One reason for females not taking-up photography is they are not taken as seriously as they should be. Booboocat who is a member of ePHOTOzine said: "When I take photos of steam trains, I get some odd looks from all the guys there. I think they seem surprised at the idea of a woman being interested in what is classed as a male activity."
Many manufacturers are now trying to entice more women into the male dominated market by producing pink cameras. They hope it will encourage women who are non-professional to buy into new technology and become more involved.
Kelly Williams, a photography enthusiast said: "I have a digital camera which is pink and I think it defiantly encourages women to use their cameras more because it looks good and you can take anywhere."
Before the introduction of pink cameras the market place was overcrowded with cameras which didn't have many appealing qualities for non-professional photographers. But now manufacturers have realised this and are now making cameras pink and fashionable, however, some believe that this has taken the focus away from the technological side and now people go into the shop or browse the internet for something that looks nice rather than looking at how it works.
dcash29 who is a member of ePHOTOzine said: "Lets face it, if the companies wanted to improve photography dramatically we'd have had less pixels and more dynamic range and other more useful features by now."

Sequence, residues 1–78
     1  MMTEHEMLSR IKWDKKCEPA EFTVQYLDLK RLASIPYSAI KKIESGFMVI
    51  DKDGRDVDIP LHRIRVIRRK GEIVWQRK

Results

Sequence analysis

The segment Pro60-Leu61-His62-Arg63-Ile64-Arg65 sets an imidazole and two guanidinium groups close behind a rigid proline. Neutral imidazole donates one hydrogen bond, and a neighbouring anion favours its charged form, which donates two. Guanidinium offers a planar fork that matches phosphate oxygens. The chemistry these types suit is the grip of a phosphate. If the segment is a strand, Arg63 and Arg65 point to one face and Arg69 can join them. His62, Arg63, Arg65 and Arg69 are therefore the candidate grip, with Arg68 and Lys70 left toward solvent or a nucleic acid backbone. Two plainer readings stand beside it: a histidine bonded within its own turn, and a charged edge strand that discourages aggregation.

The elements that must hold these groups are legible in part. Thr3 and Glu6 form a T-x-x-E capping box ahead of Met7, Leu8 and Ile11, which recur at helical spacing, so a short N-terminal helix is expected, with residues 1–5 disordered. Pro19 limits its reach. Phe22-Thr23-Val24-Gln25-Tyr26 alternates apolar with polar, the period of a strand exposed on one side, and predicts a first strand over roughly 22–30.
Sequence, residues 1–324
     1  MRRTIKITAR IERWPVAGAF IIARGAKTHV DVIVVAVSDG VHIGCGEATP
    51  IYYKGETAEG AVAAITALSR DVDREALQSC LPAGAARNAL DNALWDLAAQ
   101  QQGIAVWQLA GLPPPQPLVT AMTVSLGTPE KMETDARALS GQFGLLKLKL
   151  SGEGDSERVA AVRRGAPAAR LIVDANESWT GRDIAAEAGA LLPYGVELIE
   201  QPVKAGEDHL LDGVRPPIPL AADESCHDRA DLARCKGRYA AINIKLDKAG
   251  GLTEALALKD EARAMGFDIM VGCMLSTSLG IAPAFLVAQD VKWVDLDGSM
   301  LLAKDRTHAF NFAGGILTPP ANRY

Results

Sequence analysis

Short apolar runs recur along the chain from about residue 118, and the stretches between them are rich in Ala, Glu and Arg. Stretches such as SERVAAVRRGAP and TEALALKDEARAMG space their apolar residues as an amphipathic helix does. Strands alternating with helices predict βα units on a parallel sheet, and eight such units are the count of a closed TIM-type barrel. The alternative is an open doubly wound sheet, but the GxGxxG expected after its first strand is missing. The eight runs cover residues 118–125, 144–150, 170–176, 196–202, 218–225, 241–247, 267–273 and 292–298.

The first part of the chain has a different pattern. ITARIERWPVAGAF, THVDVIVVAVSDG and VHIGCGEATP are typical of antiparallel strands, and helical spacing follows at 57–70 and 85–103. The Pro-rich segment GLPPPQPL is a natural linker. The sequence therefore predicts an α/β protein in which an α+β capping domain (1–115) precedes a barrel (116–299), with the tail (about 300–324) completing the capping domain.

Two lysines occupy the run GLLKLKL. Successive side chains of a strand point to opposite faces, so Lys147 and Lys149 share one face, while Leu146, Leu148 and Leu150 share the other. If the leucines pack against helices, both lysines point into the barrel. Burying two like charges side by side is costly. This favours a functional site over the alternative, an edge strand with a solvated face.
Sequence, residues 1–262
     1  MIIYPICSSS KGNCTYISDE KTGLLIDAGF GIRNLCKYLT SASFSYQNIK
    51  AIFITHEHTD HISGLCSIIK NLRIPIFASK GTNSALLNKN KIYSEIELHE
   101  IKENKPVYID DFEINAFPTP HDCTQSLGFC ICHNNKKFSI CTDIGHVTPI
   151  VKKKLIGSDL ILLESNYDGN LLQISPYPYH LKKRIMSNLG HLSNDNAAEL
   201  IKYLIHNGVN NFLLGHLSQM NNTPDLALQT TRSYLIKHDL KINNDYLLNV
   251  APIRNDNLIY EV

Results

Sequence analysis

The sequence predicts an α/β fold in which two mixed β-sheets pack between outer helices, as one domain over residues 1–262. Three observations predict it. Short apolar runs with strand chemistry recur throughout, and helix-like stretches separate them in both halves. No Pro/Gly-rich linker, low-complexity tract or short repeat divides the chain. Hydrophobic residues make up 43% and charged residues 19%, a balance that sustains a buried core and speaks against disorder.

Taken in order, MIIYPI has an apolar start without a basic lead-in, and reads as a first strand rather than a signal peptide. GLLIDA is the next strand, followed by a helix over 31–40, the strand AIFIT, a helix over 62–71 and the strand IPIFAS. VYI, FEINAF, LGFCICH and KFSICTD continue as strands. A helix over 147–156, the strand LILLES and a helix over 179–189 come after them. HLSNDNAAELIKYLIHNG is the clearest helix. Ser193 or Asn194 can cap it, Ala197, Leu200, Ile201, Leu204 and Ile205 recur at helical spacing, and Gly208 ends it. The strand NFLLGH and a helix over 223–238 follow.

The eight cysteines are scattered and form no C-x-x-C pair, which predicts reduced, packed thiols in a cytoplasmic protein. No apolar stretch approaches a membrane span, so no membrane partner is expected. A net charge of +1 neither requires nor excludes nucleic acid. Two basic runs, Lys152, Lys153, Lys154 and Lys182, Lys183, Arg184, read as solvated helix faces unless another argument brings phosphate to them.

Clubs, societies and photography websites are another place where female photographers are now more than welcome to join. Here at ePHOTOzine we have seen a 9% rise in female members over the last seven years and Peter Mason from the Sheffield Photographic Society believes that female members of their group have improved things greatly.
He said: "We are proud of how many female members we have. However, some photographic societies are almost exclusively male and I personally think having female members improves the atmosphere at meetings enormously."
A new magazine called Photography for fun is also being produced later this year which is aimed at non professional photographers, predominantly females who are aged between 25-44 and are also mothers.
Andy Rice, publisher of Photography for fun said: "Photography for fun predominantly promotes photography. The market place is cluttered and it only serves hobbyists, this magazine will help create and inspire people to become more creative. At the moment the market is suffering from a concerning trend because people generally take photos and leave them on a computer, I want them to see people doing something with those images."